The first few chapters of the book are jampacked with stories of powerful women. What is more striking than the impressive content of their stories though, is the fact that the society depicted by the author in its initial phases, presumes powerful, independent women as a given. In one of the earliest chapters of the work, we are told in passing about a woman named Achsah who mounts a donkey, travels to her father’s home and demands land rights from him. Not only are the land rights instantly guaranteed, but there are no hints of shock at the nature of her demands, and nothing about her actions seem the slightest bit exceptional. Just a few chapters later we are introduced to the famous Deborah- a woman renowned throughout the land for her prophetic abilities, juridical expertise, and military prowess. Deborah’s story is paired with another legendary woman, Yael, who slays Israel’s enemy Siserah by luring him into her tent and subsequently using the pegs of that very tent to impale her unsuspecting guest. The juicy irony of her scene, that didn’t escape the attention of renaissance painters, is the way in which Yael lulls Sisersah into a false sense of security by playing into his assumptions of female powerlessness. In the most maternal of acts, she offers him a respite from the battlefield with a blanket and some milk. She uses his own stereotypes to fell him, and the leader Deborah memorializes Yael’s victory in a post-battle chant that reverberates throughout the land. Powerful women with the bandwidth to create a better world mark the zenith of the book’s 150 year period.
Of course, as society deteriorates, the stories of women the likes of Deborah and Yael become fewer and far between. There are still women that act skillfully, even heroically, and those that receive prophecy, but their names are gradually dropped from the text. They are simply remembered as “the woman that…” or “the wife of…” Society, the author is posing, through this subtle stylistic shift, can be measured by how much space it carves out for, and how much esteem it grants, individual women. And the situation only deteriorates from there. Midway through the book, we are told of a war hero by the name of Jephthah. In some respects, Jephthah is a relatively successful leader that manages to protect his people from enemy onslaught. But in a dichotomy that is difficult for the reader to digest, we then watch that same venerated hero fulfill a clumsy vow, by sacrificing his daughter on an altar to God. Jephthah’s daughter deferentially accepts her fate, and we realize, as we watch her yield to his deadly blunders, that the world that she is living in is no longer the world of Deborah. Jephthah’s daughter resigns herself to a life over which she has no control, and her father is enabled by the people around him that look away or pretend not to see; her murder is sanctioned by silence. Society, we are being warned, is headed in a direction from which it will be difficult to reverse, and there will be political and religious implications for the people of Israel. The author marks this shift with the restrained surrender of an abandoned daughter.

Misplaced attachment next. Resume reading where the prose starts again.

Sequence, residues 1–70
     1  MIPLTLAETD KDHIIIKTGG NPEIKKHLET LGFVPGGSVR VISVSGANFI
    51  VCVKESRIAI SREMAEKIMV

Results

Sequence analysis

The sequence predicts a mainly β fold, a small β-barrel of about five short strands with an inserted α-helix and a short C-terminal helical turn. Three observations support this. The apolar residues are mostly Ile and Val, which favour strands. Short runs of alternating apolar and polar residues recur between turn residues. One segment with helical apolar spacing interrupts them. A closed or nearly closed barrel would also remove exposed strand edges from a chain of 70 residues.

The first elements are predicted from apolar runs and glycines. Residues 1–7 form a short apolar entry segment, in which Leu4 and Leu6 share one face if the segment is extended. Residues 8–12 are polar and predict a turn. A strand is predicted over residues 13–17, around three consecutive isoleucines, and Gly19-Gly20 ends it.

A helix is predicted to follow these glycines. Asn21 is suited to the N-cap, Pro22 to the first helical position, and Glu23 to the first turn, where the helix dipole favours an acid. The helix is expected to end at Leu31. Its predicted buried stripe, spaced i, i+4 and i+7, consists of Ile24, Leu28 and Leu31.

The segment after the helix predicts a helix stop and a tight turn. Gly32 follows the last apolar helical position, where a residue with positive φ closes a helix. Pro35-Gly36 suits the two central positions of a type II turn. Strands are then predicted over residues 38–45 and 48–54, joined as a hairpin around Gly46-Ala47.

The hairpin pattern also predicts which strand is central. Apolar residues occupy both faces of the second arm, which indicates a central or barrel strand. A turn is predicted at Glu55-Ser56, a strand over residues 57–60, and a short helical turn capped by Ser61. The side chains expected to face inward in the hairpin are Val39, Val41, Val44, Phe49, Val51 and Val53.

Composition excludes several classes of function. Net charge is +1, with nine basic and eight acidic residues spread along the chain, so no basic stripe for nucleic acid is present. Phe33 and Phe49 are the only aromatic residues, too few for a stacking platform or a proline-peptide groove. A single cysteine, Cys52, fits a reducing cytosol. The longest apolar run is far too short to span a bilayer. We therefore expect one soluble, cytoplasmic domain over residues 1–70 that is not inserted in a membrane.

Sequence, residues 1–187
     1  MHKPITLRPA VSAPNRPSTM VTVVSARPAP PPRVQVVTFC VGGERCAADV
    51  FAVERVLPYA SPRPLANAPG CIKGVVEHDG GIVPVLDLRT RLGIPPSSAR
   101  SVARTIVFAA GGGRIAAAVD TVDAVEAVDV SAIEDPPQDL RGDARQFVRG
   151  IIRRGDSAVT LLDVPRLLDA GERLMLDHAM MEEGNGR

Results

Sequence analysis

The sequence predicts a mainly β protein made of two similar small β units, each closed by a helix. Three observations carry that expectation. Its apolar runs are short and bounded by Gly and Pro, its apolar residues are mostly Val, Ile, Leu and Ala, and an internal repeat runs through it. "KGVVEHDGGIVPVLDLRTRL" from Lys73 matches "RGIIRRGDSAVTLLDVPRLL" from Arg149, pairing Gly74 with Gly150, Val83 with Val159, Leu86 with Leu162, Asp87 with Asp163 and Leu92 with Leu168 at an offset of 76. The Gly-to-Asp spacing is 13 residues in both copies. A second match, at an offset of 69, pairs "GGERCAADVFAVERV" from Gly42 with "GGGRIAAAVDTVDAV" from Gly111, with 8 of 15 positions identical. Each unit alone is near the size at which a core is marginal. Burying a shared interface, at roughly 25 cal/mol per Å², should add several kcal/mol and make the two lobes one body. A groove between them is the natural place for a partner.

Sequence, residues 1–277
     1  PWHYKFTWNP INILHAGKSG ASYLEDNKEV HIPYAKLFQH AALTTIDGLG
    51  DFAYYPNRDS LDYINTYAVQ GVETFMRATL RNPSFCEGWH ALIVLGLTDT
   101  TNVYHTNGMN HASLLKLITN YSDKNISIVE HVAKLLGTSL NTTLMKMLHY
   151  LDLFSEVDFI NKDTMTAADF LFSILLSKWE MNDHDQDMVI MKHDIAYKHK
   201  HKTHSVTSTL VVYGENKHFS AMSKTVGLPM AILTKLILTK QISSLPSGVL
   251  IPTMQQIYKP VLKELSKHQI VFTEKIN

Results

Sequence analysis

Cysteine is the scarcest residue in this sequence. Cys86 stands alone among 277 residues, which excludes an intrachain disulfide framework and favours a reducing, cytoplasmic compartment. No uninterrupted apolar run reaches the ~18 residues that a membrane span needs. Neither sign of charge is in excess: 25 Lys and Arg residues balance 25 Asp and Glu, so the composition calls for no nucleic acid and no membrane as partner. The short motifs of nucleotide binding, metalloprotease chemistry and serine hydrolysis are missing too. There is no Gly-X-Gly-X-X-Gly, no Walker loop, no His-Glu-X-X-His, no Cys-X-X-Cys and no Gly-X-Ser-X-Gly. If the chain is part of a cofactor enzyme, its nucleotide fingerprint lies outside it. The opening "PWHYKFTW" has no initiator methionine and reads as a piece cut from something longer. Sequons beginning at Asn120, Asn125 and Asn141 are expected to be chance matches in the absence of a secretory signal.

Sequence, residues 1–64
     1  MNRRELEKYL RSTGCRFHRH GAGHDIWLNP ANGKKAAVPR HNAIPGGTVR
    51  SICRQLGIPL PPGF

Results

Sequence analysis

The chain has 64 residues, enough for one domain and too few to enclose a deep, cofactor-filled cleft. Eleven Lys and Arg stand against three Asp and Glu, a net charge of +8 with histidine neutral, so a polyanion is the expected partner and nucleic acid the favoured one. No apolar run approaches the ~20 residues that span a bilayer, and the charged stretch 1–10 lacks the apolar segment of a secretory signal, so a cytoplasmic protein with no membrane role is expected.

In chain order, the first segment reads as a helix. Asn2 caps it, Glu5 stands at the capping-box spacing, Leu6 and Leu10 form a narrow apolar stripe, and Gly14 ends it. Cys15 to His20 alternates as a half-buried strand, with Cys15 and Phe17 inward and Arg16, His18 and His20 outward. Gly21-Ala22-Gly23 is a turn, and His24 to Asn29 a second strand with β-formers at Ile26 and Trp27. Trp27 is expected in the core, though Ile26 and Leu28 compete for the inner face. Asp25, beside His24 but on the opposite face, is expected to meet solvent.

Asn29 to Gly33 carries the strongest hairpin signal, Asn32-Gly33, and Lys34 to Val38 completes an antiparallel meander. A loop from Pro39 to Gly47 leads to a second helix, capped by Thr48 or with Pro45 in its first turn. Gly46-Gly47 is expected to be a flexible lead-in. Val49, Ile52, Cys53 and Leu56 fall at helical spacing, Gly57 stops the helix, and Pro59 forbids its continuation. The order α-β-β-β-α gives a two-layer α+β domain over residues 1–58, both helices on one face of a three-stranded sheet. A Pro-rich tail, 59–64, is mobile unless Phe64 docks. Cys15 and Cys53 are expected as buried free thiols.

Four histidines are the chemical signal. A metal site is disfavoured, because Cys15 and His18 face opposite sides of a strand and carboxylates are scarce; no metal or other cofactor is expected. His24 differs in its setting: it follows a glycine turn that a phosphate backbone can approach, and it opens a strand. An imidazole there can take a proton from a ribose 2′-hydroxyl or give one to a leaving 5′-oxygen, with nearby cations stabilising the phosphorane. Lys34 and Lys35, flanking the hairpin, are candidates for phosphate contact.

As we reach the final chapters of the book, we read about the above-mentioned Concubine of Gibeah. When we first encounter the woman, she is traveling by donkey to her father’s home, evoking the image of the independent Achsah who confronted male authority to insist on her rights. The Concubine’s story could not end more differently. It is explicit, and with each development in the plot we become increasingly sickened as the nature of her abuse hits inconceivable depths. But only when we segue into the ensuing chapters, and watch a senseless civil war erupt among the tribe of Israel, do we realize that the author has woven a most profound metaphor into his moral saga. The body of Israel is broken, because it tolerated, among other things, the breaking of women.
In those days, there was no king in Israel, each man did what was right in his eyes, is the closing refrain of the 21-chapter work. The author of the work is arguing that a society without a centralized establishment to impose order will inevitably implode. And while Judges reveals a myriad of ways in which breakdowns occur, it is the decline of women’s rights and freedoms that most evocatively signals the gradual erosion of society wholesale. The work culminates with a story of maidens snatched by men on the prowl for young brides. The women are seen dancing in vineyards, naively assuming that the world they inhabit is a safe one. But the reader, along with the maidens, find out just how wrong they are. The women are carried off by their kidnappers and the author conspicuously omits their screams of resistance. Mirroring the society that betrayed them, the text silences their voices. And in that silence, with its case sufficiently made, the book ends.
Handpicking isolated incidents from Judges, or any Biblical work for that matter, to foster claims of the Bible’s chauvinism, is easy. But investing time to read those incidents within the larger frameworks in which they appear, leads to intellectually honest and fruitful dialogue. There is much to be gleaned from our traditions, and at the same time, many biased interpretations to sift through. But there is no question that to speak of the “Jewish Approach” to any matter, requires that we start where all matters Jewish begin.
We are living in a time in which people are speaking up against millennia-old injustices and claiming that a truly stable society can only thrive when women’s voices resound. Coincidentally, there is a millennia-old text that fortifies that position. We just need to study it.